First off, Cambridge has a more diverse and robust tax base, thanks to not having any entity that even remotely resembles Ann Arbor SPARK. Ann Arbor SPARK, of course, has been funded with millions of tax dollars skimmed from the Ann Arbor Public Schools, thanks to a TIF scheme approved by elected officials, one of whom (John Hieftje) now sits on the Board of Ann Arbor SPARK. SPARK’s CEO Michael Finney is paid over $250,000 per year. According to the fine folks at GuideStar, who study non-profit funding, Mr. Finney’s salary is commensurate with that of a CEO at a non-profit with a budget ten times larger than SPARK’s. So, in exchange for his super-sized salary, our city has experienced a net loss of 6 percent of its total jobs, according to a piece posted to CNNMoney.com. It’s economic development Ann Arbor style.

Back to managing the School District Ann Arbor style.

Here’s a table with data from both the Cambridge, Massachussets school district 2010-2011 approved budget, and the Ann Arbor school district 2010-2011 approved budget:




Ann Arbor Public Schools Cambridge Public Schools
Total enrollment K-12 16,536 5,971
Total teachers K-12 831.37 1,039
Special Ed teachers FTEs 291 37
School Administration FTEs 121.85 48
Total district employees 1,948.09 1,232
State funding per pupil 2009 $9,723 $6,129
Total district spending per pupil $12,000 $24,467
Total district budget 2010-2011 $183,640,000 $137,492,000
Superintendent Compensation $245,000 (proposed) $200,000 (advertised at $200K in 2009 search)

According to a November 7, 2010 piece posted to the AnnArborChronicle.com:

Bill Newman of Ray & Associates summarized a table he had e-mailed to the board earlier in the week, which listed the 2010-11 salaries and 2011-12 estimated salaries for nine districts near other large universities – Iowa City, Iowa; Knox County, Tenn.; Lincoln, Neb.; Milwaukee, Wisc.; Seattle, Wash.; Cambridge, Mass.; Socorro ISD, Texas; Albuquerque, New Mexico; and Sacramento, Calif. The average estimated salary of these districts for 2011-12 was $246,001, with a range of $189,520 to $272,950. All of the districts listed had enrollment at least double that of the 16,536 students in Ann Arbor Public Schools, except for Iowa City (12,500 students), and Cambridge (6,500 students).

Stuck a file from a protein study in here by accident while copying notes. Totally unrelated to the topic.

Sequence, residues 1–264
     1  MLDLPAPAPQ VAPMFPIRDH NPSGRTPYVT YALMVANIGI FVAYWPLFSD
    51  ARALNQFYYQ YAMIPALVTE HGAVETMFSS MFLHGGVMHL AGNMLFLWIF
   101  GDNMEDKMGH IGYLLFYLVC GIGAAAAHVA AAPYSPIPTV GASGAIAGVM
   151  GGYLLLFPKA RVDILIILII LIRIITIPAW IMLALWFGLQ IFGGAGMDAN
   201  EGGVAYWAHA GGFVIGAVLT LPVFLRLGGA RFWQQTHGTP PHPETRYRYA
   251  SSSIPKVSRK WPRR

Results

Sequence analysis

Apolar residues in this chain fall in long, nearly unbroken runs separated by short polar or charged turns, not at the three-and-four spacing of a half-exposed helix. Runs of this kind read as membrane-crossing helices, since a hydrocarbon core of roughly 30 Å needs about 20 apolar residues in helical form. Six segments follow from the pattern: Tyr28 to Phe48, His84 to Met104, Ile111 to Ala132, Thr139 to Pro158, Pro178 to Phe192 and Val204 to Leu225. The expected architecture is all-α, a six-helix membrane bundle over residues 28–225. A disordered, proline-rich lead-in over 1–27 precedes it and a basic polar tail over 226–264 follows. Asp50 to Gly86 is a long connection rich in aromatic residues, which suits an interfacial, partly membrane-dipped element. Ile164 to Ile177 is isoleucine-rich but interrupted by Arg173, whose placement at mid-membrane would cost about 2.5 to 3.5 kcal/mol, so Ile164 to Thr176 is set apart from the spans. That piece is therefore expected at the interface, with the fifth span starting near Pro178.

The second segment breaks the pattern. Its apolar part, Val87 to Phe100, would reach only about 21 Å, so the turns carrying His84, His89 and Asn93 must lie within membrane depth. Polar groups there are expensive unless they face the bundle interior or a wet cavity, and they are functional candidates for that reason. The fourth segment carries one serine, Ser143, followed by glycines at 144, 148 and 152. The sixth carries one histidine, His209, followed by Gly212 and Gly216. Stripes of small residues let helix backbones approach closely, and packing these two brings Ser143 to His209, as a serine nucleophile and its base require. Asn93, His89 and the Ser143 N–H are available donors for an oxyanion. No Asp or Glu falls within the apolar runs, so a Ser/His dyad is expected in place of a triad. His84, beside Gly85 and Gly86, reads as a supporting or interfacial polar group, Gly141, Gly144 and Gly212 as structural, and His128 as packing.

Newman added that the board should take into account that although a lot of these districts are larger, they might have attracted candidates who might have looked at AAPS. Setting a higher salary attracts better candidates, Newman stated, explaining that each increment of roughly $25,000 would attract a different tier of candidates.

After telling Board members that Dr. Roberts had been hired in four years ago at $175,000, Mexicotte put forth a resolution to pay Roberts’s replacement $245,000. Trustee Irene Patalan seconded the motion.

Mexicotte’s motion passed 4-3. Know why? Because every member of the Ann Arbor Board of Education up for re-election this past November ran unopposed.

I created a poll for interested A2 politicos to weigh in on the subject. One vote per student. If you want to email Deb Mexicotte directly to ask where your $70,000 raise is, click here.

[polldaddy poll=4055904]

Short URL: http://www.a2politico.com/?p=4882

7 Comments for “The Politics of Education: In A2 More Money Is the Answer To Everything. Right?”